Additional Factor Analysis of the SOCCS

Carlson, McGeorge, and Toomey (2013) examined the factor structure of the SOCCS with a sample of 248 master’s and doctoral students in couple and family therapy and identified a 2-factor solution: (a) Factor 1: Awareness and (b) Factor 2: Knowledge and Skills. Further, three SOCCS items (i.e., 5, 24, 25) did not load into the combined Knowledge and Skills subscale and were removed. The second examination resulted in an acceptable model fit x2 (df = 8) = 20.65, p < .01; however, it should be noted that five SOCCS item stems (i.e., 3, 4, 7, 8, 19) were altered and the 7-point scale was adapted to a 6-point scale. Therefore, based on the modifications made to the SOCCS, it is difficult to compare the factor structure results to other investigations using the unmodified SOCCS.

Counseling Competency With Sexual Minority Clients

Researchers have utilized the SOCCS in an effort to further their understanding of counseling competencies related to working with sexual minority clients (Brooks & Inman, 2013; Graham et al., 2012; Grove, 2009). Grove (2009) provided counseling students (n = 56) with the SOCCS, and an ANOVA identified that years in training provided a significant difference in scores for Skills (p = .002), Awareness (p = .05), and Knowledge (p = .001). Although analyses were not conducted to determine the differences between subscales, Grove noted high scores in the Awareness subscale. Although individuals have strong, affirmative attitudes, they may lack the knowledge and subsequent skills necessary to effectively aid LGB clients. These SOCCS scores may be interpreted to show a variety of concerns such as inflated confidence, potential lack of training, and low competency. Graham and colleagues (2012) utilized the SOCCS with counselor education and counseling psychology graduate students (n = 234) and yielded similar results to Grove. Participants scored highest on the Awareness subscale, followed by the Knowledge and Skills subscale scores. These research findings identify that counselor trainees may not be receiving the necessary knowledge and skills to become competent counselors in working with sexual minority clients.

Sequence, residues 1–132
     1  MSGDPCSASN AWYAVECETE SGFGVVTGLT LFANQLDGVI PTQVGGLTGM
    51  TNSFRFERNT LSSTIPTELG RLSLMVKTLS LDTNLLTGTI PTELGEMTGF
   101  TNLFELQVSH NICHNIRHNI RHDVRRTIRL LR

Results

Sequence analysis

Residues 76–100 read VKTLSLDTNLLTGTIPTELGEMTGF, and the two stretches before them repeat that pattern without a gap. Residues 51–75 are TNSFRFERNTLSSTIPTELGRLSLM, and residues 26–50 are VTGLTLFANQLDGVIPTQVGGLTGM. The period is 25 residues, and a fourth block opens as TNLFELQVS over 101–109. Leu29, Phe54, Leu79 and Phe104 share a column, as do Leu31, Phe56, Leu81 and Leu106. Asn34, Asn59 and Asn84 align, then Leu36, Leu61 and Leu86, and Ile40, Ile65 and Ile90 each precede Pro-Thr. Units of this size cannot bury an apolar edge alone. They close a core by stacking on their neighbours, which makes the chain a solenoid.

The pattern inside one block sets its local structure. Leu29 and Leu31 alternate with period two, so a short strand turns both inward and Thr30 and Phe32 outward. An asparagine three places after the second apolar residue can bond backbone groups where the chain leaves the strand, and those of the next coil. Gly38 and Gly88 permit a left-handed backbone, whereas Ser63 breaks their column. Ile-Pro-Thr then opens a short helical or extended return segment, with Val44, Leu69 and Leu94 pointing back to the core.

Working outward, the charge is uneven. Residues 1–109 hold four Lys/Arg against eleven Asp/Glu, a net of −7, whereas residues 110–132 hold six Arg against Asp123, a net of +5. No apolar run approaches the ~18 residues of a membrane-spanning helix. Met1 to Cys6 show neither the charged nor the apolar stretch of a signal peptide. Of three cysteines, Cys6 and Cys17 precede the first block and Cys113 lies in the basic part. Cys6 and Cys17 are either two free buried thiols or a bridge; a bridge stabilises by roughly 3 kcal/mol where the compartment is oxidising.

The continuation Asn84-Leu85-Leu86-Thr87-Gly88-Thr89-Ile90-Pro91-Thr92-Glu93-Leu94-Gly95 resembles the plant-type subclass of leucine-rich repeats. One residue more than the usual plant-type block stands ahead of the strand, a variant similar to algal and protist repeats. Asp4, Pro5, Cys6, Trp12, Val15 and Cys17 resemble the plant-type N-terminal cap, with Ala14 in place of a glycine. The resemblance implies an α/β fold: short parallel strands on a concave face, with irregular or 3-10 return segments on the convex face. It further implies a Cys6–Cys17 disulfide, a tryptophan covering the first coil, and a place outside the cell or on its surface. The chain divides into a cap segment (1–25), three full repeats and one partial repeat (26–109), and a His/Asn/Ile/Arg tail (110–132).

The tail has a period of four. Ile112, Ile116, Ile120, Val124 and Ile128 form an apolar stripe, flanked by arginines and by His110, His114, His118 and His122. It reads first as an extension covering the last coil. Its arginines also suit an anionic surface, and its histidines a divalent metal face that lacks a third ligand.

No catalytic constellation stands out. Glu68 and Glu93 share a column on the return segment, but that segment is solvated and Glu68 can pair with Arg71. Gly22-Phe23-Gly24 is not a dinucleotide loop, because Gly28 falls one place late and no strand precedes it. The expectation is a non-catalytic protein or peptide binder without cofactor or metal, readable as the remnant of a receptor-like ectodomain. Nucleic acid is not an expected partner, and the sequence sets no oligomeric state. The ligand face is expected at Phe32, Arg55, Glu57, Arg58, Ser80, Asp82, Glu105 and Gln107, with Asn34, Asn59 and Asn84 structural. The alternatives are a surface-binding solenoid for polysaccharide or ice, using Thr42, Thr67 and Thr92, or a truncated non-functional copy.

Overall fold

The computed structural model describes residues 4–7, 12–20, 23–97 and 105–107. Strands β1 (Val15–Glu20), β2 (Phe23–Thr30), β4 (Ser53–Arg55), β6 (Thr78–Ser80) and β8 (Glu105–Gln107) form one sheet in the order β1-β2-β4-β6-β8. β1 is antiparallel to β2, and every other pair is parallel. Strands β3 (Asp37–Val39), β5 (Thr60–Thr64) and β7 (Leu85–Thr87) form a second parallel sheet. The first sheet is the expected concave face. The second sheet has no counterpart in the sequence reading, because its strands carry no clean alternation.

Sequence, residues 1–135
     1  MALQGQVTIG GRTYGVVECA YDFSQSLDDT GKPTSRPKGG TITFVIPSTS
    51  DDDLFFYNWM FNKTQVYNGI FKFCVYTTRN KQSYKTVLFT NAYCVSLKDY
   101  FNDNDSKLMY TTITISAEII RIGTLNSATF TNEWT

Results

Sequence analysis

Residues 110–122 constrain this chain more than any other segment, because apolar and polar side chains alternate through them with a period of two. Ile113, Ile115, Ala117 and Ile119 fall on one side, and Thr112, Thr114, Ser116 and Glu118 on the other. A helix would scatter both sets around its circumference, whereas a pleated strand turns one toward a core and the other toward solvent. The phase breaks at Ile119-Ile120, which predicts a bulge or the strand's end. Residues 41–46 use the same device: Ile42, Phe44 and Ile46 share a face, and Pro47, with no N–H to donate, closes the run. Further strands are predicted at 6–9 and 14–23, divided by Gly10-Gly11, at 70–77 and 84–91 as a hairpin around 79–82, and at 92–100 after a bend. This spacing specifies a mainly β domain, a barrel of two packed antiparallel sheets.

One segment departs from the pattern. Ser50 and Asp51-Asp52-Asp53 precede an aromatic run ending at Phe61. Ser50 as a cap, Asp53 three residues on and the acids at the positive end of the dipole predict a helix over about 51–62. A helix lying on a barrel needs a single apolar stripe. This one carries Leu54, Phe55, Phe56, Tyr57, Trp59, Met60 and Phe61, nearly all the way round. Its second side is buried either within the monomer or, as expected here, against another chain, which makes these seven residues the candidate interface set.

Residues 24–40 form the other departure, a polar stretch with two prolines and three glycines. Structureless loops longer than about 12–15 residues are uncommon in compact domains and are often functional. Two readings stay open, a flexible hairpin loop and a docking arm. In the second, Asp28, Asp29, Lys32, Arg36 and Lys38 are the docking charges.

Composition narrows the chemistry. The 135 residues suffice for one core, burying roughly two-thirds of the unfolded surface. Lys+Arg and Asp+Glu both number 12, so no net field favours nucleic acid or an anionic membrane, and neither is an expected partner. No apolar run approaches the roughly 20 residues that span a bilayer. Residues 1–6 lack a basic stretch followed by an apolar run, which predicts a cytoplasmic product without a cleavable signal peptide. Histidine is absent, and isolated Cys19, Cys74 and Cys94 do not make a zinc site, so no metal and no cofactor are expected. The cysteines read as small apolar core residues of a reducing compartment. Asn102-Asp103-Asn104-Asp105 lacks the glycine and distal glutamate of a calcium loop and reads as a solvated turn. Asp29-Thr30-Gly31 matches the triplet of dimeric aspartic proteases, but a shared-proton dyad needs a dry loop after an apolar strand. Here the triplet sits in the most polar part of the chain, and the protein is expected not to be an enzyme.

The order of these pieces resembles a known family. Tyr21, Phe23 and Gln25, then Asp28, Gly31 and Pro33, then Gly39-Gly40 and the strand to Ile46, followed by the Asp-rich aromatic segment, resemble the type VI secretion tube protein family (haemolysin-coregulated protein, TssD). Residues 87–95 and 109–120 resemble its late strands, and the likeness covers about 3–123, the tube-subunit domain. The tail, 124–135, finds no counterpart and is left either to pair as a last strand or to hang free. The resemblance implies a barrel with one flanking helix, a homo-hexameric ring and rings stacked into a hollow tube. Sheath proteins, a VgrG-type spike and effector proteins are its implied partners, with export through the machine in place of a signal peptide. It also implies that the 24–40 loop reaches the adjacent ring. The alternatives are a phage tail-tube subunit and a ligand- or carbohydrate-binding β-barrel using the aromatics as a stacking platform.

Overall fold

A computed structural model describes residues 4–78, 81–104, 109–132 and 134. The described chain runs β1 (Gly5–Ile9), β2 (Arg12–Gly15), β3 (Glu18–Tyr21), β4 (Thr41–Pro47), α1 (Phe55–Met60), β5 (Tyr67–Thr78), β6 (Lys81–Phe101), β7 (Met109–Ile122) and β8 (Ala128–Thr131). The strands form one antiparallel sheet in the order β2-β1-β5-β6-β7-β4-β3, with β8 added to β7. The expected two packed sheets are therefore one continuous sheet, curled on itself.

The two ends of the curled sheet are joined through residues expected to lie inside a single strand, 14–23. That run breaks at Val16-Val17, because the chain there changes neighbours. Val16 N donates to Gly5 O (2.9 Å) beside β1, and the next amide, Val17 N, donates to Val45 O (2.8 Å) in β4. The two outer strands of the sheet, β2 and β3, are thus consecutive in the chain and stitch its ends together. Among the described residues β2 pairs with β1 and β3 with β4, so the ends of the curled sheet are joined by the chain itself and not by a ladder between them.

Advances have been made in the counseling field regarding the understanding of competency in aiding sexual minority clients (Bidell, 2005; Graham et al., 2012; Grove, 2009); however, additional research is warranted. The commonly utilized SOCCS is a self-report measure; therefore, there is potential for participants to provide socially desirable answers. Further, because the SOCCS was created to measure counselors’ level of confidence (self-efficacy) in providing counseling services to LGB clients, the literature has followed this narrow lead (Bidell, 2013; Carlson et al., 2013; Grove, 2009) . The SOCCS was created prior to ALGBTIC’s (2013) guidelines; therefore, the items may not align with the essential aspects of the guidelines. Considering this potential gap, it is essential to explore the psychometric properties of the SOCCS (Bidell, 2005). Nevertheless, the SOCCS is the most used assessment instrument for examining LGB counselor competence in training and research; hence, it is important to explore the reliability and validity of the instrument in order to support continued exploration of LGB counselor competence. Therefore, we aimed to examine the factor structure of the SOCCS with a sample of counselor trainees and practitioners in order to gain an increased understanding of the psychometric properties of this assessment. The following research questions guided our investigation: